Exploring Cordyceps: The Fungal Apocalypse of The Last of Us
Cordyceps have recently gained a lot of attention due to their appearance in the hit video game and TV series, The Last of Us. In the show, the Cordyceps fungus mutates and becomes parasitic to humans. While this is purely fictional, it highlights the fascinating and potentially dangerous properties of this type of fungus.
Radiation-Eating Bacteria: Deinococcus Radiodurans.
The world’s toughest bacterium, Deinococcus Radiodurans can survive extreme radiation, and has been found thriving in many places - including the inside of nuclear reactor walls. This unique microbe is a type of ancient bacteria, surviving with no clear genetic affinity with any other bacterial lineage.
The Origin of Mueller-Hinton Agar
Jane Hinton is the woman to whom we owe the discovery of the Mueller-Hinton agar used in the Kirby-Bauer test method. She assisted John Howard Mueller, with whom she developed the Mueller-Hinton agar medium at the age of just 20 years old.
Metal-eating bacteria: Aboard the Titanic
The RMS Ttitanic was the largest liners ever built between 1911 and 1912; she was 269 meters long and 28 meters wide made of 1-inch-thick steel and iron. When the wreck was later discovered in 1985 on the ocean floor, it was able to shed light on the details of the sunken ship.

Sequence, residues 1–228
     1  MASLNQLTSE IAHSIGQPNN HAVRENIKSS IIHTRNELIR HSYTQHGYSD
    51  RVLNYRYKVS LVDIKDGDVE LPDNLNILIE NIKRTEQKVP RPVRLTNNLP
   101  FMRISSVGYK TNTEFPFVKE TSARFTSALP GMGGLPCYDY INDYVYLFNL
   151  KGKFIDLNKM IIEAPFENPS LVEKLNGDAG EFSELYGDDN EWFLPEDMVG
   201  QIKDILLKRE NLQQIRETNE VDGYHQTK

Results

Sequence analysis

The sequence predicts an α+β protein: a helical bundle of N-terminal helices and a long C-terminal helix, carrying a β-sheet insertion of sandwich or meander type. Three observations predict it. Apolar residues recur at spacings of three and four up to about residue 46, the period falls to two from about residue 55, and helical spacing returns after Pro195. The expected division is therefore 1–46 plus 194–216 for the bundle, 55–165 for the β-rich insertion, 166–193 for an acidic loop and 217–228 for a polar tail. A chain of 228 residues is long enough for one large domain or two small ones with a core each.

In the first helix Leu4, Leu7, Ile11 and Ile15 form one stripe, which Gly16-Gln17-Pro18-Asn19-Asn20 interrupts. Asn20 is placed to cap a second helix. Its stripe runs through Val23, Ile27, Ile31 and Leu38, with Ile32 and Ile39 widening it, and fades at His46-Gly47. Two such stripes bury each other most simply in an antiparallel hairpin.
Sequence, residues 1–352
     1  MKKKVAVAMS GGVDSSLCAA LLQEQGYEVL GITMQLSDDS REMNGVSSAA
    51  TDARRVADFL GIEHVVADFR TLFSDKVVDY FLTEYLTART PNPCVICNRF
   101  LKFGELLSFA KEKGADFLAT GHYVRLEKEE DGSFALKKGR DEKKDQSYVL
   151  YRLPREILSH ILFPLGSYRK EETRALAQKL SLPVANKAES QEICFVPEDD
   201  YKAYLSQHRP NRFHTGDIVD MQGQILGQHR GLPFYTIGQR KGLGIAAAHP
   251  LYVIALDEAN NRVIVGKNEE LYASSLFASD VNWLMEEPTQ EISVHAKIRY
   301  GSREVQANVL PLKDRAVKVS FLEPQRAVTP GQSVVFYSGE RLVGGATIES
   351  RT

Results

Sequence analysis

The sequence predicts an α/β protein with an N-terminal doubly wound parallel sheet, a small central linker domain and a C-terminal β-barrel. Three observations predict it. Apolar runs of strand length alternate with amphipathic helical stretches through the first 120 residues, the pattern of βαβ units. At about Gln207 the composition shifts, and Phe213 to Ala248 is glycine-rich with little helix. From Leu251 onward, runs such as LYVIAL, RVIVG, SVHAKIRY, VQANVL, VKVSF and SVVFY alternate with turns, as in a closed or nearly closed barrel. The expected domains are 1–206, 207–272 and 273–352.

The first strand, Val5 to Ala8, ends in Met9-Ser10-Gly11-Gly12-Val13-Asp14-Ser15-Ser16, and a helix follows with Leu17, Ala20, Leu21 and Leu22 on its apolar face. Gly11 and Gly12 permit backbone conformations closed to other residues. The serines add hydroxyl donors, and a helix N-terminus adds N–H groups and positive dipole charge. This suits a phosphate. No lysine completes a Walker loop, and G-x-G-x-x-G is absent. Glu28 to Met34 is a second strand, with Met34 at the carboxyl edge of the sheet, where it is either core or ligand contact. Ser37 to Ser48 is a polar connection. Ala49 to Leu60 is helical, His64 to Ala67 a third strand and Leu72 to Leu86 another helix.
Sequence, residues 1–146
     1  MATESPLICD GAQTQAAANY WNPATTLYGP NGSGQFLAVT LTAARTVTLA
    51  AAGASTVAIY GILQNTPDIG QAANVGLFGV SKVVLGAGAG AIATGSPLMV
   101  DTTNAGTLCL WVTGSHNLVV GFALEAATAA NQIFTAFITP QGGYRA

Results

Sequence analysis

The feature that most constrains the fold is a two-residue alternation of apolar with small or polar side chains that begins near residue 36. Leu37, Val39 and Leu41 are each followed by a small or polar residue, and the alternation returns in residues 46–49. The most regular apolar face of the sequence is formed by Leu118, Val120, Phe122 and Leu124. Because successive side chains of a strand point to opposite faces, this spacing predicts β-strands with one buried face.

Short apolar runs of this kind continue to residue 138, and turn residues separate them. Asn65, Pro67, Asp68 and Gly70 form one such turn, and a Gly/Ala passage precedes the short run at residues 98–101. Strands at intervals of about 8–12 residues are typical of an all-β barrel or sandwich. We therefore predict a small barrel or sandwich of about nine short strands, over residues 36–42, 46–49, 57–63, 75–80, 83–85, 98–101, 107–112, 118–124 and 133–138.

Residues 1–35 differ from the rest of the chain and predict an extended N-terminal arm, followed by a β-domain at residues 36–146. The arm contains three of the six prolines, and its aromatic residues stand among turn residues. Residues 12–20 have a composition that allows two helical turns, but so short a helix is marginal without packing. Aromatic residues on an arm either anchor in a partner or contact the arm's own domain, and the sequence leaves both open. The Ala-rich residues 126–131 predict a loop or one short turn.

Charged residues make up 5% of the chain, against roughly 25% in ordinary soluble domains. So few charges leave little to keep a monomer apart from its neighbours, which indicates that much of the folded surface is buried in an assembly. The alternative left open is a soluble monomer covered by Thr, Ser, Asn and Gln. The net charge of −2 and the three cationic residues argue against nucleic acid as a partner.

Microbial Top Facts: E. coli
Today we are taking a closer look at Escherichia coli (E. coli). In hygiene-sensitive industries, testing for E. coli is considered a good indicator of poor or failed hygiene systems.
Microbial Top Facts: Aspergillus
What makes Aspergillus thrive? Aspergillus spp. are ubiquitous environmental moulds that grow and disperse microscopic spores (conidia) into the air in both long and short distances; when they encounter solid or liquid surfaces and the conditions are right, they are deposited and proceed to germinate.